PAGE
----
Amanda Cohen’s Dirt Candy Sinks New Roots on Allen Street
This story first appeared in the November 2014 edition of The Lo-Down’s print magazine.
In 2008, after a career cooking for other people, chef Amanda Cohen launched Dirt Candy, a tiny vegetarian restaurant in the East Village whose popularity quickly outstripped its capacity. With 18 seats and a miniscule kitchen, its reservations booked up more than two months in advance and its walk-in lines grew legendary.
After two years of shopping for larger digs, Cohen’s first look inside the former bus station at 86 Allen St. told her she’d found a new home for her restaurant.
“I said, ‘This is exactly where my kitchen should be,’” Cohen said. “I could see it from the moment I walked in.”
The broad storefront that runs most of the block between Grand and Broome streets has undergone a total renovation. Cohen’s plans revolve around a large kitchen that’s open to the 50-seat dining room and the 10-person bar, so diners can observe the action at the stove. The expanded space has also enabled Cohen and her team to think big about what they serve.
“Our menu was so dictated by the size of our fridges—we have so much more room to play in now,” she said. “We’re all really excited to spend the next two months testing recipes.”
The original Dirt Candy on East Ninth Street, which has collected “Best Vegetarian Restaurant in NYC” awards from the Village Voice, L Magazine and other media, closed Aug. 30. If all goes according to plan with Con Edison service and other variables, the new location is scheduled to open by the end of the year.
While it will be more expansive, the menu at “big” Dirt Candy will be similar in genre to “little” Dirt Candy, Cohen said. She crafts each dish around a primary ingredient, and then riffs on it in ways that all work together. For example, the entree called “Beets” is composed of salt-roasted beets, Thai green curry, beet gnocchi and whipped coconut galangal cream. Appetizers run about $12, while entrees clock in around $20. Everything on the menu can be made vegan on request. Desserts include options like carrot meringue pie and rosemary eggplant tiramisu. Cohen plans to serve both lunch and dinner, as well as beer, wine and liquor.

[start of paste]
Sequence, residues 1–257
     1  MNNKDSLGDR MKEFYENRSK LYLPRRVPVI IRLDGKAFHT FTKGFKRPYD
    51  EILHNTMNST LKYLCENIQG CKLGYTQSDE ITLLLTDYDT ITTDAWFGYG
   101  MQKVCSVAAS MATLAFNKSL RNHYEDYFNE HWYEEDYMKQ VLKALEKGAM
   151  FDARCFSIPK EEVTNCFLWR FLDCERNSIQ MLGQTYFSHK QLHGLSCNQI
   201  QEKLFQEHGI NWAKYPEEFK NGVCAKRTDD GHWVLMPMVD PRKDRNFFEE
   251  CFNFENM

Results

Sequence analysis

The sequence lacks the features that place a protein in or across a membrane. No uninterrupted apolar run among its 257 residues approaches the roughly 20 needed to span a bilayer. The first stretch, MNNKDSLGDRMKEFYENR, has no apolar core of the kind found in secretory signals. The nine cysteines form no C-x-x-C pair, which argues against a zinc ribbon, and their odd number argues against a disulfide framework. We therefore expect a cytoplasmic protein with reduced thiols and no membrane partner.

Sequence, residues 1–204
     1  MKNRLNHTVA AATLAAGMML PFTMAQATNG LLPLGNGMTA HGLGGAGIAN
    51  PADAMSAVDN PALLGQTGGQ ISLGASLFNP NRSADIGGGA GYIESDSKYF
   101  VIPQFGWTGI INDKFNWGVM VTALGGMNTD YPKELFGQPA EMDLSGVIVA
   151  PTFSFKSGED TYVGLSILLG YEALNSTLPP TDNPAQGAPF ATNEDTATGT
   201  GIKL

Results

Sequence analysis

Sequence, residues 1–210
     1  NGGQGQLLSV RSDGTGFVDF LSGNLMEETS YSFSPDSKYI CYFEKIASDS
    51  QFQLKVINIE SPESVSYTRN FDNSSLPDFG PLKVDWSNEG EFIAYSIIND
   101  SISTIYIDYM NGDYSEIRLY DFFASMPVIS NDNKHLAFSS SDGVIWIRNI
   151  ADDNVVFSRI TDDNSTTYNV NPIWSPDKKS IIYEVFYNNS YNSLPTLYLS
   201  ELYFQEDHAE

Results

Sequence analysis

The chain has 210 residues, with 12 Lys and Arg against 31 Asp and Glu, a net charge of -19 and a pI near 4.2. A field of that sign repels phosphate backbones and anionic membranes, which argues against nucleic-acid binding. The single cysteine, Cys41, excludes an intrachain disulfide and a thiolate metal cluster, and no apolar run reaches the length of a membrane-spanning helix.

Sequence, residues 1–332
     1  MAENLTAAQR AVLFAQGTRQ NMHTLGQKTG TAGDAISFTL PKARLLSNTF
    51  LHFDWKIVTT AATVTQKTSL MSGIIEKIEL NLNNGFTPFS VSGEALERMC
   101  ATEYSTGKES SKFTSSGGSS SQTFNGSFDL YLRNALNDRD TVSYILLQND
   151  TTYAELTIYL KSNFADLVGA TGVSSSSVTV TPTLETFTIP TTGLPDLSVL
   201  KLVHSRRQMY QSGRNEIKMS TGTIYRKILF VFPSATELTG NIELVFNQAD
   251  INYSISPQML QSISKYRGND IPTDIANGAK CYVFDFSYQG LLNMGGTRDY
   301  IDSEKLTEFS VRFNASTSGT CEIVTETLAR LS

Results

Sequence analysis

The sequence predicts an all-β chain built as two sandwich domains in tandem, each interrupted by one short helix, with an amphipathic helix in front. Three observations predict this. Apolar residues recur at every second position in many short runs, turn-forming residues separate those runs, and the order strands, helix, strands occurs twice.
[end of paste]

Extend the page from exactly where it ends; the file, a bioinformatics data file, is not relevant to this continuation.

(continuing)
A prolific blogger on her own website and an occasional columnist for the citywide food blog Eater, Cohen is the opposite of the mysterious, aloof chef type. She openly shares her thinking behind her creations, as well as her strong and sometimes contrarian opinions about her industry in engaging prose. About the beets dish, for example, she tells readers on the restaurant’s blog that beets are almost never featured in Asian cooking, so she gave it a shot. “I decided that I’d take my beets on an adventure and make a curry for them,” she wrote. “If any vegetable could stand up to curry, it would be beets with their solid, stolid earthiness.”
Earlier this year, she took to a larger audience at Eater in a couple of thought-provoking essays about the practice of tipping (which she argues should be abolished in favor of fairer wages for restaurant workers) and the trust between restaurateurs and their patrons (which she thinks needs some work).
Dirt Candy’s move to the Lower East Side is big news for the neighborhood’s restaurant scene, which will also welcome a new and larger version of Mission Chinese Food this winter. Chin Chin, an upscale Chinese restaurant that’s made its home in Midtown for nearly three decades, also plans to move here in 2015.
Cohen knew she wanted to stay near her original location, and calls the LES “the last of the reasonable rent there is in Manhattan.” She noted the somewhat recent additions of vegetarian-friendly restaurants like Dimes on Division Street and El Rey Coffee Bar and Luncheonette on Stanton Street as indicators that Dirt Candy would find an appreciative audience among its new neighbors.
“This is going to be a really fun neighborhood,” she said. “Not that it isn’t fun now, but it’s on the cusp of getting ready to blossom.”